Model Types

Babies - Celebrity - Character - Commercial - Figure - Fit - Fitness - Glamour - High Fashion - Kids - Mature - Nude - Petites - Plus Size - Specialty


Parents are frequently stopped and told their child is the next Gerber Baby. Yet as few opportunities as there are for kids in modelling, there are even fewer for babies.

The problem is there are SO MANY cute babies for so little work. And since you can't do much to train a baby to be better in front of a camera, there isn't much point in having a lot of babies on an agency's roster.

Another problem is that babies change very quickly, so photos need to be updated constantly.

One agency at which I worked, kept "Baby Books." Our policy was to accept pictures (even snapshots) of babies at no charge. If work came to those children, we would then deduct our commission. It was risk-free for the parents. Once the baby turned two, we would remove the pictures and hold them for the parents to pick up.


Celebrities don't have to look like other models in order to get work. Carrot Top's image might do as much to sell a product as would Tyra Banks'.

These models tend to earn a lot of cash, because their name is being licensed along with their image.

The Ford Agency in Toronto boasts an impressive list of Canadian celebrities such as Nelly Furtado, Colin Mochrie and Chantal Kreviazuk.


Ever wonder how they get a biker to wear a tutu and sing I'm a little teapot for an ice cream bar? They may have found a fun-spirited biker to do it -- or they may have used a Character Model.

Character Models can be found in all kinds of campaigns. Generally they either play they role of a well-known personality (such as Santa), or exude such personality that you can't help but notice them. Being attractive is not a requirement for being a character model. Being memorable is.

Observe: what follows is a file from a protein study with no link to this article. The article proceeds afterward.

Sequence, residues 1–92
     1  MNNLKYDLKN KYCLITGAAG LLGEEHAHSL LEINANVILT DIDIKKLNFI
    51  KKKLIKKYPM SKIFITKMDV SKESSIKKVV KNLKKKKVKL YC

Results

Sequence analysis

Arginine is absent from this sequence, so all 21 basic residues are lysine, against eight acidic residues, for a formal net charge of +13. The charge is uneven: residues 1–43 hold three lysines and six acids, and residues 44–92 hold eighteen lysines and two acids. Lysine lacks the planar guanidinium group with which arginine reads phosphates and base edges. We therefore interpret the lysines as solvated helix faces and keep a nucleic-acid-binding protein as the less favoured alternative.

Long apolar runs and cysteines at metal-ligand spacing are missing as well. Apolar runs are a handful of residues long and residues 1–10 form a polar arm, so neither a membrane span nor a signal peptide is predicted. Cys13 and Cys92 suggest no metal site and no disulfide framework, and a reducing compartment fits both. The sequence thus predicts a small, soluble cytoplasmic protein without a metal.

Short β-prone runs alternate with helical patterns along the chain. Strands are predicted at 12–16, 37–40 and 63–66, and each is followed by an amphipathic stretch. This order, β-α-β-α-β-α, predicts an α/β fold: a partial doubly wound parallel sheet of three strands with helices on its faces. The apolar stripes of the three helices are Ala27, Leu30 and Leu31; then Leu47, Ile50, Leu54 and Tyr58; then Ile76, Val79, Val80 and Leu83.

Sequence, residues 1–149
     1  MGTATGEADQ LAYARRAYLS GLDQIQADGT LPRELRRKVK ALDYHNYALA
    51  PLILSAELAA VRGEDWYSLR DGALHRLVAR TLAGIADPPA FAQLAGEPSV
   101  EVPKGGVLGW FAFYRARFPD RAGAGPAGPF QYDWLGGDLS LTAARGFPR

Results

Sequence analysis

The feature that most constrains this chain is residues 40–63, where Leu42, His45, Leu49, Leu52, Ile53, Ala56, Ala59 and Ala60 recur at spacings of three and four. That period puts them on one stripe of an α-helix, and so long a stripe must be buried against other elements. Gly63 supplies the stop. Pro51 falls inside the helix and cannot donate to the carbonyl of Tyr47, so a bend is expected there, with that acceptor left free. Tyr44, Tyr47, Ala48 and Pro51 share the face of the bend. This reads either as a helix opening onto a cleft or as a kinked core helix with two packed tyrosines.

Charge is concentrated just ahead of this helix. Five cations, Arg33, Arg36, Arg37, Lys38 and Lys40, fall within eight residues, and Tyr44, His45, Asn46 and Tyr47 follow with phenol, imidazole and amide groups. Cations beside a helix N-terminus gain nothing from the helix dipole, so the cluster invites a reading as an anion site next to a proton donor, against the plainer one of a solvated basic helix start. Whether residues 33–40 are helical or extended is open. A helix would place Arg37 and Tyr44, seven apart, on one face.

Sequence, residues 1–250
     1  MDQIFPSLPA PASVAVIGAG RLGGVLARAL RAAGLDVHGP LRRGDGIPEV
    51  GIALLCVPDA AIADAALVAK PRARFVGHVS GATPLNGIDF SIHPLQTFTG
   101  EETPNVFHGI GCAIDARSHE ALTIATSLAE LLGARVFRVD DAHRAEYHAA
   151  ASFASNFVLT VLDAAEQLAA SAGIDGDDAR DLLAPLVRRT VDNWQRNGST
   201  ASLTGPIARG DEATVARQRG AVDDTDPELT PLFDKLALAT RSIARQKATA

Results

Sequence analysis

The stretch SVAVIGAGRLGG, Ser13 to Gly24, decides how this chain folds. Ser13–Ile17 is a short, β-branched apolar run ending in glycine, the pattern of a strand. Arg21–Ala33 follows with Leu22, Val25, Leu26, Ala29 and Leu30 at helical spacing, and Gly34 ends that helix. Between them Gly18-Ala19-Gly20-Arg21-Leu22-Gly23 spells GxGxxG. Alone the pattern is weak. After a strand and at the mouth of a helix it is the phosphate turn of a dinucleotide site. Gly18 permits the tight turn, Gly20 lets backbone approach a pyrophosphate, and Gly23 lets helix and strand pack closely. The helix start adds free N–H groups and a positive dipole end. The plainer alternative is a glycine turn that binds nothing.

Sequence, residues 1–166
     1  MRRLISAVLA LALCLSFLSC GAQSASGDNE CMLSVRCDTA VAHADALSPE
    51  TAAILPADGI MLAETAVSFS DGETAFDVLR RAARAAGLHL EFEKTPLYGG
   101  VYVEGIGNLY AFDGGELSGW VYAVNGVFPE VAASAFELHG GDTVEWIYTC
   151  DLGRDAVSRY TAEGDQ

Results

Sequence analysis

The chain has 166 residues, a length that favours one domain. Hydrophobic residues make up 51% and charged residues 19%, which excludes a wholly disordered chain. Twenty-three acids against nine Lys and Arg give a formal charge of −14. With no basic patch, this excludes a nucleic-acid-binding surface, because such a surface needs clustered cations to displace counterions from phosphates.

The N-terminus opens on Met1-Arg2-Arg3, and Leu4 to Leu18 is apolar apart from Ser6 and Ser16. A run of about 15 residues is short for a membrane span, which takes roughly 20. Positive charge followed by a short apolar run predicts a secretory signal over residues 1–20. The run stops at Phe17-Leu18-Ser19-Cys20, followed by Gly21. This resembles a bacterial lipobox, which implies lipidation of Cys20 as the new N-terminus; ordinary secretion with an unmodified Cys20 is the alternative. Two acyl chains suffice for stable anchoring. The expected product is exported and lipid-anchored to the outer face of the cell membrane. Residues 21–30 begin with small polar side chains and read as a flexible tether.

In Canada, commercial agencies may carry character models on their rosters. Other times, actors are hired from talent agencies.


Typically, the average person on the street, looking their best. You see them in Sears Catalogues, on posters for your local telephone company and packaging for your software.

The requirements for Commercial Models are a healthy, attractive appearance and a lot of personality.

Commercial Models can make a lot of money, but are at somewhat of a disadvantage since a lot of the commercial advertisements done in Canada are done with a low budget, and friends or family can be recruited, or stock photos purchased inexpensively.


A model with a stellar or unique body. Figure models are primarily used to display swimwear, lingerie, active wear or other tight-fitting or revealing clothing.


At first, when one hears of a Fit Model, they think someone on the cover of Men's Health or Shape Magazine. In fact, it has nothing to do with either.

A Fit or Fitting Model is one around whom garments are constructed. They stand in a designer's studio for hours while clothes are created.

These models generally work at a lower rate than other models, but can work more steadily, for longer days.

The requirements for being a fit model are having a proportionate body and the ability to stand on your feet for hours at a time. It's also useful to know a lot about clothing and how things should feel and move with the body. The designers often rely on the Fit Models feedback in order to perfect a design.


These are the faces and bodies you see on the covers of Health & Fitness, Shape, and other magazines where a well-muscled, healthy appearance is desired

Height usually isn't as important for a fitness model. In fact, it's often an asset not to be too tall.


Glamour models have taken on a whole new life and meaning on the internet. Whereas "Glamour" used to mean a refined beauty, the connotation has become more sleazy in recent years.

"Glamour Photographers" can be found frequenting many modelling message boards luring modelling hopefuls into "Time-For-Prints" arrangements.

If Glamour Modelling is what you are hoping to pursue as a career, this probably isn't the right web site for you.

High Fashion

These are the models most people typically think of when the work "model" is used. Typically, a female, between 5'8" and 5'11", with a lean, proportionate body, good skin and straight teeth. For males, generally 6'0" to 6'2" with a lean frame.